Pages: 76 / 312; 24%
The Reason for the Reaping: This book got a little buzz at its debut earlier in 2017. Plus, it’s about millennials. I’m a millennial. *smiley face emoji*
As I Lay Summarizing: Julia and Evan go to Yale in the mid-2000s. Then they graduate and move to New York City and try to stop the existential dread of adulthood. Evan gets a chapter and then Julia gets a chapter, and they have different ideas about how their lives are going.
The Line That Killed Me: “A waiter handed her two cups of coffee. She pushed the door open with her shoulder. I craned my neck but lost sight of her on the sidewalk” (9). Death by…that’s all you got? Not dead.
Best Character: Evan’s Mom
Why [As] You Like It: This book is v relatable for a millennial who just graduated and doesn’t know what the eff they’re doing. At all. Me, in case that wasn’t obvious. Patoniak captures perfectly the mix of anxiety, excitement, dread, and indecision of someone who has their whole life ahead of them but is scared shitless but at the same time wants something more. While seeming petty in the grand scheme of things, these feelings are very real, and it’s nice to see them validated here.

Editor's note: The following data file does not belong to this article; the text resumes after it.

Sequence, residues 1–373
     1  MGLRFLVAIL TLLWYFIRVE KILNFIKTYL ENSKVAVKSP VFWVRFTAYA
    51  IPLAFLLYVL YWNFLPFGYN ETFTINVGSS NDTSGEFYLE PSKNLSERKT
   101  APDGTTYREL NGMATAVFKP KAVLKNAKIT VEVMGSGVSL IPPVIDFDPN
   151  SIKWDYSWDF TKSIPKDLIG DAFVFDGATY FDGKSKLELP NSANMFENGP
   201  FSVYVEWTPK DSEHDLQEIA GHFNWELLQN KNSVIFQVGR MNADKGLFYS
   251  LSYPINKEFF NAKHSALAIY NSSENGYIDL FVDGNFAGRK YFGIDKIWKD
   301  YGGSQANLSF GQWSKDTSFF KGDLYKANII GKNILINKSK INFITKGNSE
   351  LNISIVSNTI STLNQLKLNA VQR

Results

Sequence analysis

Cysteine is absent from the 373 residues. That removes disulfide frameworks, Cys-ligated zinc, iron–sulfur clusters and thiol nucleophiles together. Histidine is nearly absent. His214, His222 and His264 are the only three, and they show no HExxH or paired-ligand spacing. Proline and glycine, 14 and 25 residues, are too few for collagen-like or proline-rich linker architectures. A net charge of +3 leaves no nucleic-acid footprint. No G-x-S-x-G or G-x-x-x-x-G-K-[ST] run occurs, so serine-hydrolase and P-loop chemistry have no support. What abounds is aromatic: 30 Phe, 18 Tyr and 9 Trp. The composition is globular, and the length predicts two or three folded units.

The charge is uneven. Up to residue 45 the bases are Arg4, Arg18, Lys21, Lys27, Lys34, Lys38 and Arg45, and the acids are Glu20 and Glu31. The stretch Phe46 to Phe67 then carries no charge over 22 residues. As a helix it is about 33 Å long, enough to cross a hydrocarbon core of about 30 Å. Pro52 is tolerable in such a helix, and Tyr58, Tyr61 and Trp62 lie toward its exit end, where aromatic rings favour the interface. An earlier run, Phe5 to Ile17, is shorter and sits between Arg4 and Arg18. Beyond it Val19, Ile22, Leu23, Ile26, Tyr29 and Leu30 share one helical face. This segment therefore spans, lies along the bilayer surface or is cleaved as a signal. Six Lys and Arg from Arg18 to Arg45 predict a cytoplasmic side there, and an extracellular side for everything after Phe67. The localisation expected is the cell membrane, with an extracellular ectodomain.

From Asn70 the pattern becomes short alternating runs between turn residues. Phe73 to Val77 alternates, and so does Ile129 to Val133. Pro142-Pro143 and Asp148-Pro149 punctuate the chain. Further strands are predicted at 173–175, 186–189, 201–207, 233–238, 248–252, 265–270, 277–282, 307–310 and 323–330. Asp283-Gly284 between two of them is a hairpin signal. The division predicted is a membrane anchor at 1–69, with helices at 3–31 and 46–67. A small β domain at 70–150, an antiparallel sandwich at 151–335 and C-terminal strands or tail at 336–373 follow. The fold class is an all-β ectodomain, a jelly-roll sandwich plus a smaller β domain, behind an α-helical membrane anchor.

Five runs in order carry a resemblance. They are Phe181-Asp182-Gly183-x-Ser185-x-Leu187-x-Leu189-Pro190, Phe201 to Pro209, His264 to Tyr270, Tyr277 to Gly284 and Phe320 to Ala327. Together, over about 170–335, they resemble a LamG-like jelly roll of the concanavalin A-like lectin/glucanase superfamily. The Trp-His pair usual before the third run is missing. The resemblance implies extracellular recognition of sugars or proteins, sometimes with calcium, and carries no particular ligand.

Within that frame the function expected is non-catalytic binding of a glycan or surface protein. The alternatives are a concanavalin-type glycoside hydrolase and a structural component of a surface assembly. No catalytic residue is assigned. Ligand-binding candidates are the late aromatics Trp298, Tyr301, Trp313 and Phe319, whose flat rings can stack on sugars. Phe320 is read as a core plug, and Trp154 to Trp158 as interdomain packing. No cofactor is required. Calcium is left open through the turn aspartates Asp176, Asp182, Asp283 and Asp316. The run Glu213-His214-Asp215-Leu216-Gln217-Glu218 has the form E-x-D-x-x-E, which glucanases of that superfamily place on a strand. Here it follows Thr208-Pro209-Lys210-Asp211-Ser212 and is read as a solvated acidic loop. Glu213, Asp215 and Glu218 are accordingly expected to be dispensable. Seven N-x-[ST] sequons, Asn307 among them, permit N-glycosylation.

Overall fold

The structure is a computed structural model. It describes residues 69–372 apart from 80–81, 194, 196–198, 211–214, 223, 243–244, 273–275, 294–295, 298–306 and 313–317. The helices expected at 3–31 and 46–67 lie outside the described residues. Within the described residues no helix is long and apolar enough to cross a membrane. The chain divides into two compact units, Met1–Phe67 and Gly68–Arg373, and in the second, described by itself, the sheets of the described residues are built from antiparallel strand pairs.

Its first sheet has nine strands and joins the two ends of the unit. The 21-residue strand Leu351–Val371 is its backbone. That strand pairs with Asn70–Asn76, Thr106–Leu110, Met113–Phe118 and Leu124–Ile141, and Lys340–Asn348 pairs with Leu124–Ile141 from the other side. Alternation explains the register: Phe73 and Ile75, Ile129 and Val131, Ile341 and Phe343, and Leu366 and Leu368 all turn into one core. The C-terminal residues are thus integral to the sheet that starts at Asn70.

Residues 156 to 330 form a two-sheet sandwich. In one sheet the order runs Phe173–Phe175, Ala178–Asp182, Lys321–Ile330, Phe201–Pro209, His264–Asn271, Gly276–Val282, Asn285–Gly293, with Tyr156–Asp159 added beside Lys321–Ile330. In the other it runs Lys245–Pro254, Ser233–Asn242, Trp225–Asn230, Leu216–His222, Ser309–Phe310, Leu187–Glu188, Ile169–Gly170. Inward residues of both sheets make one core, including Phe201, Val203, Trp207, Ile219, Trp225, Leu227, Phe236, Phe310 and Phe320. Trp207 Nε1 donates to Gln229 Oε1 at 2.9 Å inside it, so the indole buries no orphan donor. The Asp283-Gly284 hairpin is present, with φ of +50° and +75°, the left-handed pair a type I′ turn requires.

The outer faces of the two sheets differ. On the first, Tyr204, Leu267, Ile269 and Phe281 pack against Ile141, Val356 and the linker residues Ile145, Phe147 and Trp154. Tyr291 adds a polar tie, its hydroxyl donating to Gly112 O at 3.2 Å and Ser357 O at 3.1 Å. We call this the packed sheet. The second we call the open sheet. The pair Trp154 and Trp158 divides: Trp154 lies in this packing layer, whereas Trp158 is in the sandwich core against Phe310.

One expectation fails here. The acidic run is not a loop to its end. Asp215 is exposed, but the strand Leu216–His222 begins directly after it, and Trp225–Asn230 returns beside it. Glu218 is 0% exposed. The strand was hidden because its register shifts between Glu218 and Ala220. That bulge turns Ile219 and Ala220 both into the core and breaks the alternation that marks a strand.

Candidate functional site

Why I’m Gone, Girl: omg I feel like this happens every time the writing is bad. But seriously, this novel contains the worst 30 pages I’ve ever read. I almost didn’t make it, everyone. It does gets better and the story sucks you in, but OOFDA it was a slog. The eye rolling now occurs every 3 or 4 pages instead of every 2 paragraphs. Which is still a problem, but the improvement is so drastic it feels like a miracle.
Last Line, Last Chance: “‘Yeah. Viv’s out sick.’”
Will I turn the page, or toss it into Mount Doom?
While the story is more interesting now, Pitoniak’s writing in the beginning is pretty unforgivable. Say no to this, esp. if you aren’t a millennial.